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Tuesday, December 16, 2008

Fifty Years of Changes!!




My, oh, my! This morning I was listening to pet programs on satellite radio. Nationally recognized holistic vets were touting the importance of proper winter clothing for dogs. Another expert talked about the importance of microchipping, in addition to ID tags on a collar that was embroidered with ID information. An hour later, a famous pet psychic was helping callers find their lost dogs. After that, a canine nutritionist promoted feeding dogs the same food we cook for ourselves.

It got me thinking how dog ownership has changed during my lifetime....

1952: All dogs retain their balls. Testicles, that is. Spaying and neutering are nasty words you don't speak in public. Most dogs live outside and roam the neighborhoods, unless they're "foofoo dogs." Dogs die of "old age."

1962: Our family gets a beagle. No one even suggests neutering him. He spends his outdoor time on a chain...after he runs the neighborhood on his morning rounds. He eats cheap canned dog food mixed with Purina Dog Chow. He died at age 8, euthanized because of some bad illness...probably cancer, although it was never mentioned in those words by the vet.

1970: People scoffed at the sight of little old ladies carrying tiny doggies wearing sweaters. Thirty-five years later, high -tech dog clothing is a multi-million-dollar industry, and you'd BETTER get some boots and a parka on that poor dog, mister!

1975: Boarding kennels were cell blocks, dirt pens, or cages devoid of pet beds and other comforting touches. Thirty years later, boarding kennels more closely resemble vacation spas, offering trail hikes, games, lots of playtime, individualized feeding, and personalized decorations like pillows, fancy beds, and fancy dishes adorning squeaky-clean "suites." Rates are nearly as high as Motel 6, and people feel LUCKY to get reservations at these always-full facilities.

1976: "Alpo" canned food is considered a really PREMIUM dog food, thanks to Madison Avenue!! Ed McMahon sells it on The Tonight Show! Meanwhile, Paul Harvey is pushing "Wayne," a dry kibble, and everyone knows Paul Harvey is trustworthy, so "Wayne" must be great food too. So many choices! Meanwhile, all the vets have started carrying "Science Diet," leading their clients to infer that it's the best. (Far from it!)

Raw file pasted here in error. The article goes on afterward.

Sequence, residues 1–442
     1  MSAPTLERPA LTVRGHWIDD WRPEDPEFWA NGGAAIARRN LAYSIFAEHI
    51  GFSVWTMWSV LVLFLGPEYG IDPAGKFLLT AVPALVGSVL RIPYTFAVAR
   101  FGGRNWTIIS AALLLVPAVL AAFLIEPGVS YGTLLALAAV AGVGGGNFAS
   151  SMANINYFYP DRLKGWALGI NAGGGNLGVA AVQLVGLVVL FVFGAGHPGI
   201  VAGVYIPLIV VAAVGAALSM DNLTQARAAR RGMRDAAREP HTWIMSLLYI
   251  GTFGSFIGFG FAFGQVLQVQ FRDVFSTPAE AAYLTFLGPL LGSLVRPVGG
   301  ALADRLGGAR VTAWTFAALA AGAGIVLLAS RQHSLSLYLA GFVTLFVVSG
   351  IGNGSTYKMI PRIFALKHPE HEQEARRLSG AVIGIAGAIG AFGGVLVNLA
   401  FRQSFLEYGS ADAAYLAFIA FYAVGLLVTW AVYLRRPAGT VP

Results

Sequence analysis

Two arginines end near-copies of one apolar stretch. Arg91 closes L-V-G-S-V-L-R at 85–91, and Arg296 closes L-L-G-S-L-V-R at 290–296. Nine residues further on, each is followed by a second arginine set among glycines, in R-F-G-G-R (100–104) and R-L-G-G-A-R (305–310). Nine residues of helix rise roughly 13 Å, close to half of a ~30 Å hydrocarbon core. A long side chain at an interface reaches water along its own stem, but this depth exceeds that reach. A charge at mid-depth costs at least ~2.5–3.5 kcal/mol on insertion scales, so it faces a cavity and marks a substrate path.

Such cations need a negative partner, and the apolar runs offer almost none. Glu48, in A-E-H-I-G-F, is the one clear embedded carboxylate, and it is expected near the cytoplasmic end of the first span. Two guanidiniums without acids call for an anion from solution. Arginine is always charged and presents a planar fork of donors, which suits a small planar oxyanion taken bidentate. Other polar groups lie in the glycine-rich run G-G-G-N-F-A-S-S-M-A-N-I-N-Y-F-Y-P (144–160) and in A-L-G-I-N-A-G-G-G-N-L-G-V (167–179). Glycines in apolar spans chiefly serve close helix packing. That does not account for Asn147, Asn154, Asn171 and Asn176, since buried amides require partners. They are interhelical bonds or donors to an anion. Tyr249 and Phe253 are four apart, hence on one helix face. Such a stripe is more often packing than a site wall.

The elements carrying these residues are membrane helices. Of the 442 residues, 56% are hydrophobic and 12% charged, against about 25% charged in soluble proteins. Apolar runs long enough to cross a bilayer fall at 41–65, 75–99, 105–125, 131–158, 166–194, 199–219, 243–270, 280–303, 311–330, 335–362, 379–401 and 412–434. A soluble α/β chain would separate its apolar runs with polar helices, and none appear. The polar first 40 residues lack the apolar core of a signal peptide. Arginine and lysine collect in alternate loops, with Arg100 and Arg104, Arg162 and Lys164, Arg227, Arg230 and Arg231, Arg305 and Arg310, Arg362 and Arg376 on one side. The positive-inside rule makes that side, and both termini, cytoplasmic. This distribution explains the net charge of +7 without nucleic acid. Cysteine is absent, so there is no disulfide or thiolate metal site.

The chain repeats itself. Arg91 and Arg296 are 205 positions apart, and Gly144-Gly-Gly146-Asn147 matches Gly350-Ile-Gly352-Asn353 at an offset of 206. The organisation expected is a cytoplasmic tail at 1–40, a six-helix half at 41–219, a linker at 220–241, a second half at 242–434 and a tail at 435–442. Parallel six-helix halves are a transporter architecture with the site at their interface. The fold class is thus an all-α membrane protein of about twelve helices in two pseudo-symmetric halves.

1992: My sister and I have a conversation about the concept of DOGGY DAYCARE. Wouldn't that be cool?? People do it with kids. Why not do it for dogs too? Within two years, there were doggy daycares springing up around the country. Now they're nearly as prolific as latte stands, and it's an ACCEPTED (not silly) concept that is here to stay.

1993: A bunch of holistic, all natural pet foods have hit the market. It's a small industry, and people scoff at paying twice as much for foods like Fromm or Flint River, but some folks do it anyway. Today, 15 years later, there's a proliferation of truly "premium" brands like these, and mainstream dog owners are switching to these, noticing the difference in their dogs' health.

1995: Pet medical insurance becomes available. The bugs aren't worked out, and many clientele get stung. Others benefit from it, and the industry is perpetuated. The disreputable companies fall by the wayside, and the industry becomes more refined and stable. In 2008, three or four companies have cornered the market, and their service is of great value to many pet owners.

1995: Dog nutrition gets more refined by returning to basics, as proponents of Dr. Ian Billinghurst's "Bones and Raw Food" (BARF) diet spread their gospel. Raw turkey necks get more respect!

2000: Our dogs each have their own weekly pill containers, loaded with fish oil, vitamin C, extra glucosamine, pills for thyroid and incontinence. Like us, our dogs have the most expensive pee in modern civilization. Used to be, dogs would only get pills from a vet if they were deathly ill.

2007: The Drs. Foster & Smith catalog features 16 pages of just DOG BEDS. Following that are 22 pages of vitamin and health supplements. And then you've got 12 pages of shampoos and conditioners, plus another 80 or so devoted to dog toys, leashes and whatnot. (Remember when a "dog bed" was a scatter rug??)

2008: Do you have a "living will" for your dogs? Better get one. This new industry specializes in making legal arrangements on what will happen to your pets if something happens to you. They are, after all, members of the family...

Ah yes, our dog friends have come a long way. Or is it we who have come a long way?

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